USS Lamson (DD-328)

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USS Lamson
History
United States
Namesake: Roswell Lamson
Builder: Bethlehem Shipbuilding Corporation, Union Iron Works, San Francisco
Laid down: 13 August 1919
Launched: 1 September 1920
Commissioned: 19 April 1921
Decommissioned: 1 May 1930
Struck: 22 October 1930
Fate: Sold for scrapping, 17 January 1931
General characteristics
Class and type: Clemson-class destroyer
Displacement:
  • 1,290 long tons (1,310 t) (standard)
  • 1,389 long tons (1,411 t) (deep load)
Length: 314 ft 4 in (95.8 m)
Beam: 30 ft 11 in (9.42 m)
Draught: 10 ft 3 in (3.1 m)
Installed power:
Propulsion: 2 shafts, 2 steam turbines
Speed: 35 knots (65 km/h; 40 mph) (design)
Range: 2,500 nautical miles (4,600 km; 2,900 mi) at 20 knots (37 km/h; 23 mph) (design)
Complement: 6 officers, 108 enlisted men
Armament:

USS Lamson (DD-328) was a Clemson-class destroyer built for the United States Navy during World War I.

Description[edit]

The Clemson class was a repeat of the preceding Wickes class although more fuel capacity was added.[1] The ships displaced 1,290 long tons (1,310 t) at standard load and 1,389 long tons (1,411 t) at deep load. They had an overall length of 314 feet 4 inches (95.8 m), a beam of 30 feet 11 inches (9.4 m) and a draught of 10 feet 3 inches (3.1 m). They had a crew of 6 officers and 108 enlisted men.[2]

Performance differed radically between the ships of the class, often due to poor workmanship. The Clemson class was powered by two steam turbines, each driving one propeller shaft, using steam provided by four water-tube boilers. The turbines were designed to produce a total of 27,000 shaft horsepower (20,000 kW) intended to reach a speed of 35 knots (65 km/h; 40 mph). The ships carried a maximum of 371 long tons (377 t) of fuel oil which was intended gave them a range of 2,500 nautical miles (4,600 km; 2,900 mi) at 20 knots (37 km/h; 23 mph).[3]

The ships were armed with four 4-inch (102 mm) guns in single mounts and were fitted with two 1-pounder guns for anti-aircraft defense. In many ships a shortage of 1-pounders caused them to be replaced by 3-inch (76 mm) guns. Their primary weapon, though, was their torpedo battery of a dozen 21 inch (533 mm) torpedo tubes in four triple mounts. They also carried a pair of depth charge rails. A "Y-gun" depth charge thrower was added to many ships.[4]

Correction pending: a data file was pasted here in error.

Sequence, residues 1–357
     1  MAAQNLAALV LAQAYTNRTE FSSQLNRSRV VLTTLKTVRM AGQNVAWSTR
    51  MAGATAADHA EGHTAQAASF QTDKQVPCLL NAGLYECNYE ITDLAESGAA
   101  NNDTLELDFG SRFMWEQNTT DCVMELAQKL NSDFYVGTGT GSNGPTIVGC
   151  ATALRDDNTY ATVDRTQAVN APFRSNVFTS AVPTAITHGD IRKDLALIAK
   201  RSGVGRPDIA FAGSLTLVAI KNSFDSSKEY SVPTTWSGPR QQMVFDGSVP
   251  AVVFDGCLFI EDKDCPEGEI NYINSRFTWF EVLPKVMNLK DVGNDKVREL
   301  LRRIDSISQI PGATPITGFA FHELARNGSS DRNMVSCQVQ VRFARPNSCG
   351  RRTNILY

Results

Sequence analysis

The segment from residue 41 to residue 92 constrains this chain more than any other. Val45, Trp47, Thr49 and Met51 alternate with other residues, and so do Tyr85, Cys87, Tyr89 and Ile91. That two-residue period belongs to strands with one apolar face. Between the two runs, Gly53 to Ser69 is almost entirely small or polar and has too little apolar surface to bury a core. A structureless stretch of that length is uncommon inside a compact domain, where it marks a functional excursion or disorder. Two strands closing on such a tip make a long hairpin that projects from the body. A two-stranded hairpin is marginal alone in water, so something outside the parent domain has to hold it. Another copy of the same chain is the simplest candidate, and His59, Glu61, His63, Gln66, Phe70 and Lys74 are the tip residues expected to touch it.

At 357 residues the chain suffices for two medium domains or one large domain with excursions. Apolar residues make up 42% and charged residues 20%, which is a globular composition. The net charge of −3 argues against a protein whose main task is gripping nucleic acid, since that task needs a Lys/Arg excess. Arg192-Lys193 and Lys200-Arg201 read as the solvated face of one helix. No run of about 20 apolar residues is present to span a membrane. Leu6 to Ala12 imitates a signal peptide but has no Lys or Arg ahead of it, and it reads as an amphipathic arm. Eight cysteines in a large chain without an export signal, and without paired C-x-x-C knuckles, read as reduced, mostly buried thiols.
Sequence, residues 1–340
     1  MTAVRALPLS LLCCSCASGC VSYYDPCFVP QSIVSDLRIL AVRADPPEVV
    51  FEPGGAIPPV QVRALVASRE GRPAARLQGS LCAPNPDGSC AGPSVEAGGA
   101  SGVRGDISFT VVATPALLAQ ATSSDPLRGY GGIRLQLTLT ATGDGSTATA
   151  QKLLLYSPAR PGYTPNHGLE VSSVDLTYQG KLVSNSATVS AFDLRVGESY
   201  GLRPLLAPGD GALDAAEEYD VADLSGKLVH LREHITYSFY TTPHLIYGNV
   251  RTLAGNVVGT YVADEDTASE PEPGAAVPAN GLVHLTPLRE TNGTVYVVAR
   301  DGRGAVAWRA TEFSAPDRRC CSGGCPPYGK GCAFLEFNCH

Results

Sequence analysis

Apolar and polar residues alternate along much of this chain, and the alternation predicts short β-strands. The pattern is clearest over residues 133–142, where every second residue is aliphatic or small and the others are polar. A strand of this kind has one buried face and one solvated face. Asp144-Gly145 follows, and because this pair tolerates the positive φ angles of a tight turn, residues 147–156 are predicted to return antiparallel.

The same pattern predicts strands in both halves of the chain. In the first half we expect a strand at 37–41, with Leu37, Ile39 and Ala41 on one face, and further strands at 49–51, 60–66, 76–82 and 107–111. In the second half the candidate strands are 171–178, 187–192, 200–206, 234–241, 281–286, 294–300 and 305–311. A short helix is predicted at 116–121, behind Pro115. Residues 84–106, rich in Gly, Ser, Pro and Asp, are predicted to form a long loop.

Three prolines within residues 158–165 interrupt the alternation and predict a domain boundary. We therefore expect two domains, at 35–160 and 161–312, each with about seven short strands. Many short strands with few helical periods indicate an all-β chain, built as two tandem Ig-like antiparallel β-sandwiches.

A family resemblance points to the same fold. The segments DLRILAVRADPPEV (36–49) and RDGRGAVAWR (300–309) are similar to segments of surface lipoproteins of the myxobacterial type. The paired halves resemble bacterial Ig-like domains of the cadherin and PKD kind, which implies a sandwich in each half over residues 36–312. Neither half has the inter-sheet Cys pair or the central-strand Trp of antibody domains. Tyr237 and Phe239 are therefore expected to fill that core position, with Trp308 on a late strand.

Construction and career[edit]

Lamson, named for American Civil War naval hero Roswell Lamson, was laid down 13 August 1919 by Bethlehem Shipbuilding Corporation, San Francisco, California; launched 1 September 1920; sponsored by Miss Annette Rolph; and commissioned 19 April 1921, Lieutenant Commander F. L. Johnston in command.

After shakedown, Lamson was assigned to the Atlantic Fleet, arriving Charleston, South Carolina, 28 December 1921. From 1921 to 1925, the destroyer operated along the east coast and in the Caribbean, participating in fleet maneuvers, war games, and reserve training cruises.

Assigned to the U.S. Naval Forces in Europe, Lamson departed Boston, Massachusetts 18 June 1925 for operations in European and Mediterranean waters. Returning to the United States 1 year later, Lamson rejoined the Scouting Fleet and resumed exercises and maneuvers along the Atlantic coast and in the Caribbean.

USS Lamson moored near the "League Island Crane" at the Philadelphia Naval Shipyard

Fate[edit]

The destroyer continued these operations until she decommissioned at Philadelphia 1 May 1930. Lamson was sold 17 January 1931 to Boston Iron & Metal Company, Baltimore, and scrapped 18 October 1934.

Notes[edit]

  1. ^ Gardiner & Gray, p. 125
  2. ^ Friedman, pp. 402–03
  3. ^ Friedman, pp. 39–42, 402–03
  4. ^ Friedman, pp. 44–45

References[edit]

External links[edit]